This prompted Mulvaney to make an interesting confession. The Republican Congress never wanted to pass laws in the first place:

WALLACE: You were there, of what the Republicans did to Barack Obama and Hillary Clinton on Benghazi, on Fast and Furious. And they got some things done despite the fact that these were aggressive partisan investigations.

MULVANEY: Well, we didn’t get very much done. Listen, I’ll be the first to admit that when the tea party wave, of which I was one, got here in 2011, the last thing we were interested in was giving President Obama legislative successes.

When somebody says “I’ll be the first to admit,” it’s usually an idiom, suggesting they are not trying to hide a fact that is widely known and frequently confessed. But in this case the sentence construction makes more sense if read literally. Mulvaney may actually be the first person to admit that congressional Republicans did not want to give Obama any legislative successes at all.

Mitch McConnell boasted that he pressured Republicans to refuse to compromise with any of the Obama administration’s priorities in his first two years (“We worked very hard to keep our fingerprints off of these proposals. Because we thought — correctly, I think — that the only way the American people would know that a great debate was going on was if the measures were not bipartisan.”).

Yet after Republicans won control of Congress on the shoulders of a tea party wave of debt hysteria in 2010, a conventional wisdom took hold that President Obama needed to get Republicans to make a deal. Most outside observers conceded that the congressional GOP might not be the easiest negotiating counterparty. Still, Obama was widely held to bear a share of the blame for his inability to get Republicans to make a deal. He didn’t play enough golf with them, or drink enough with them, or “lead.” The idea that Obama could and should force Republicans to make deals with him was pure conventional wisdom for years on end.

As a high-profile link between the Obama-era Republican Congress and the Trump administration, Mulvaney has retrospectively clarified a lot of points people refused to understand at the time. Mulvaney casually confessed last week that nobody cares about the deficit. Mulvaney of course spent the Obama era claiming to care about the deficit a lot — so much, indeed, that he was willing to shut down the government or even default on the national debt in order to reduce it. The debt hysteria was manufactured to cover a different agenda. Republicans wanted to force Obama to reduce popular domestic spending programs so they could cut taxes for the affluent. But since neither cutting retirement programs nor reducing taxes for the rich are popular goals, Republicans framed their policy as “deficit reduction,” and the debt-scold community and most of the mainstream news media took this framing at face value.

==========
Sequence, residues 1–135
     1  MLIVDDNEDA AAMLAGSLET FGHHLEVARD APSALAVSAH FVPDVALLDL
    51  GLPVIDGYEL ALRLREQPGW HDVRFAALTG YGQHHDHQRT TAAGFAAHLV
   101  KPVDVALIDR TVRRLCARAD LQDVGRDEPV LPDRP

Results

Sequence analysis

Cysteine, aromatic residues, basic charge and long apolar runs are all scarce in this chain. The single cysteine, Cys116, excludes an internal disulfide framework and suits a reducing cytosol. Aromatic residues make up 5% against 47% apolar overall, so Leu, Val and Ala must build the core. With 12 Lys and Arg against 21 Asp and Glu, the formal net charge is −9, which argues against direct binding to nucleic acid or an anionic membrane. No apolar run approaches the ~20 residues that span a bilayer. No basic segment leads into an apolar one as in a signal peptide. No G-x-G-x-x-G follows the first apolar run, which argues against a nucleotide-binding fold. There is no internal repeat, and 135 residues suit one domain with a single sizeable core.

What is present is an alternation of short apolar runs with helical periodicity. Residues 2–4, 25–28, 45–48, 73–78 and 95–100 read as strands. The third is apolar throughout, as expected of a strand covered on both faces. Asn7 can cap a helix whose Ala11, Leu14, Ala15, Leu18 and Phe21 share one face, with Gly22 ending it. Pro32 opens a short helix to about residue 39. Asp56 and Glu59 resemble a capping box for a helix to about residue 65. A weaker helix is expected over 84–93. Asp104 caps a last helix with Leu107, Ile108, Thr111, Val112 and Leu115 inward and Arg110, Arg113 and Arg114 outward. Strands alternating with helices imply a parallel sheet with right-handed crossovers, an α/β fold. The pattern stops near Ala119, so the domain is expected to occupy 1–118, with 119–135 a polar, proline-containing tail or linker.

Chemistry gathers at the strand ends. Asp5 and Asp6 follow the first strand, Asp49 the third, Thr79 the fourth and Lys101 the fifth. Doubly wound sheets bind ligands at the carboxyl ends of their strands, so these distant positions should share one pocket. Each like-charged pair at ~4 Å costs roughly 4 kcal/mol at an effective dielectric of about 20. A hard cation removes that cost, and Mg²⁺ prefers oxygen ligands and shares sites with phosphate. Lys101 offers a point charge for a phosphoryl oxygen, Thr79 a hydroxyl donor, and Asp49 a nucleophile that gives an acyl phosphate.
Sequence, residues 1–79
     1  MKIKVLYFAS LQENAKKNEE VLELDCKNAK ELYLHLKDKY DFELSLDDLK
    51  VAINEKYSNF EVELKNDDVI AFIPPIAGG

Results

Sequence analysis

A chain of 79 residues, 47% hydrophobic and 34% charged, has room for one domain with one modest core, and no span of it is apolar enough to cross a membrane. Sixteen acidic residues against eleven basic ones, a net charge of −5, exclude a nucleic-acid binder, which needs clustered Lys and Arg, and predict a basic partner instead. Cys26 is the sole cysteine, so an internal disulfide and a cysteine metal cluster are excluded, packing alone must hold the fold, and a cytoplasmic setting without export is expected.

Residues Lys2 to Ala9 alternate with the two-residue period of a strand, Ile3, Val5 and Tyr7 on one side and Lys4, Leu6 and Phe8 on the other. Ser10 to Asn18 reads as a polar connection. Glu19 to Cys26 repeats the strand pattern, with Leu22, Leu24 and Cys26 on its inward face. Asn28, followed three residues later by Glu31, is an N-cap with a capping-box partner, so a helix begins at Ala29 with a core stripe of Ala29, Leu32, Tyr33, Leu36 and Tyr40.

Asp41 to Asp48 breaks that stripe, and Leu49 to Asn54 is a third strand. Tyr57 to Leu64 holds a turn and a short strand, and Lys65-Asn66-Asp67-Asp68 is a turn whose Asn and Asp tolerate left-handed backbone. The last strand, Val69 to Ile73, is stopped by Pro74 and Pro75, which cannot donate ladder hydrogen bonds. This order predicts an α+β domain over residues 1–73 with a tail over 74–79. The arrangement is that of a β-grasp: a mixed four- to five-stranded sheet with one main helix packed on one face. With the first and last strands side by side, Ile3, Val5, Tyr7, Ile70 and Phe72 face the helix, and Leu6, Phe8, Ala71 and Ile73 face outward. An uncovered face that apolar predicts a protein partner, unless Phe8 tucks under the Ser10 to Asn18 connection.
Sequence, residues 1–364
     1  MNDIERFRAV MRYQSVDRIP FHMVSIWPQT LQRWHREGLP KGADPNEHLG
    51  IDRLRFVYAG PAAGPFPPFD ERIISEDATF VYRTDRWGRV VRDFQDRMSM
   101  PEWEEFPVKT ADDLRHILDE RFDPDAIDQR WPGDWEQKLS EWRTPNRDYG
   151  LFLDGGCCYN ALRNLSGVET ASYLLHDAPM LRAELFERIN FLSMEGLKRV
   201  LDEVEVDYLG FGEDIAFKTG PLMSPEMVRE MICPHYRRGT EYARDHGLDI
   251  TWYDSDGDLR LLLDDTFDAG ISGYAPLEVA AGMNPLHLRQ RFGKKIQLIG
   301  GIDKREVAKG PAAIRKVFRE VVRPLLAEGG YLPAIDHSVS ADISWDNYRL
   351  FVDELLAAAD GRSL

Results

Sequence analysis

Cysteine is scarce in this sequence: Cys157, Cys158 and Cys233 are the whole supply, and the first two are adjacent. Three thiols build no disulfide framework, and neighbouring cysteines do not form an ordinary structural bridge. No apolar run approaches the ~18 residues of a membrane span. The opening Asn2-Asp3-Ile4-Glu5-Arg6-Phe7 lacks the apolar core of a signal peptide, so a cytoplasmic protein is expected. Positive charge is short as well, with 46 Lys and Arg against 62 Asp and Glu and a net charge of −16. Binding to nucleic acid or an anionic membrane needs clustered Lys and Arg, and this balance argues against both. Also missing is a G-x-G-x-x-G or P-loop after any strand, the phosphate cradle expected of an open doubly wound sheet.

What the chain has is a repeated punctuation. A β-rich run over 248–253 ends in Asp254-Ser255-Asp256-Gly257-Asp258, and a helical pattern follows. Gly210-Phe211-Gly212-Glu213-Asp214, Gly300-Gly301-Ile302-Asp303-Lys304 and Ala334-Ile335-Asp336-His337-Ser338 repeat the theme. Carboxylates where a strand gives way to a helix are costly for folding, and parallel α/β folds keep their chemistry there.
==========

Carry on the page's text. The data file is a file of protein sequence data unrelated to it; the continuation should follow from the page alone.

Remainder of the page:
That’s one reason why Obama couldn’t make a deficit deal with Republicans: They didn’t care about the deficit. Also, as Mulvaney now casually concedes, they didn’t want to give him any accomplishments at all, so even if Obama offered a deal they could live with, they would have opposed it rather than allow him to claim legislative success. . .

Continue reading.

Written by LeisureGuy

11 February 2019 at 3:00 pm

Report: Leak of Bezos Texts by Mistress’s Brother Was Politically Motivated

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Chas Danner reports in New York:

The source who provided the National Enquirer with personal text messages Amazon founder Jeff Bezos had exchanged with his mistress, news anchor Lauren Sanchez, was Sanchez’s brother, Michael, the Daily Beast reported on Sunday night. Sanchez — a Trump supporter who is friendly with Trumpworld “dirty trickster” Roger Stone and another Russia investigation target, former Trump campaign adviser Carter Page — has denied that he had anything to do with the scandal, but “multiple sources” within American Media Inc., the Enquirer’s embattled parent company, have told the Beast that he was indeed the one who provided the messages which formed the basis for the Enquirer’s January exposé.

The apparent confirmation came less than three days after Bezos, who also owns the Washington Postpublicly accused AMI of trying to blackmail him in a Medium post. On Thursday night, the Amazon founder shared emailsfrom AMI officials in which they threatened to publish several racy photographs Bezos and Ms. Sanchez had texted each other if he did not call off his investigation into why AMI had targeted him and how it had obtained his text messages.

It is not clear how Mr. Sanchez obtained the texts or why he would have been willing to violate his sister’s privacy in such a way, but the Beast reports that the act appears to have been politically motivated:

Documents reviewed by the Daily Beast show that Michael Sanchez believed the Enquirer pursued its story about Bezos with “President Trump’s knowledge and appreciation” — a chase encouraged, in Sanchez’s estimation, by Republican operatives “who THINK Jeff gets up every morning and has a [Washington Post] meeting to plot its next diabolical attack on President Trump.”

Bezos has been a frequent target for President Trump, who regularly blames the billionaire for the Post’s critical coverage of him and his administration. Trump has had a decades-long friendship and alliance with AMI CEO David Pecker, who has admitted to using the Enquirer to buy and bury damaging stories about Trump.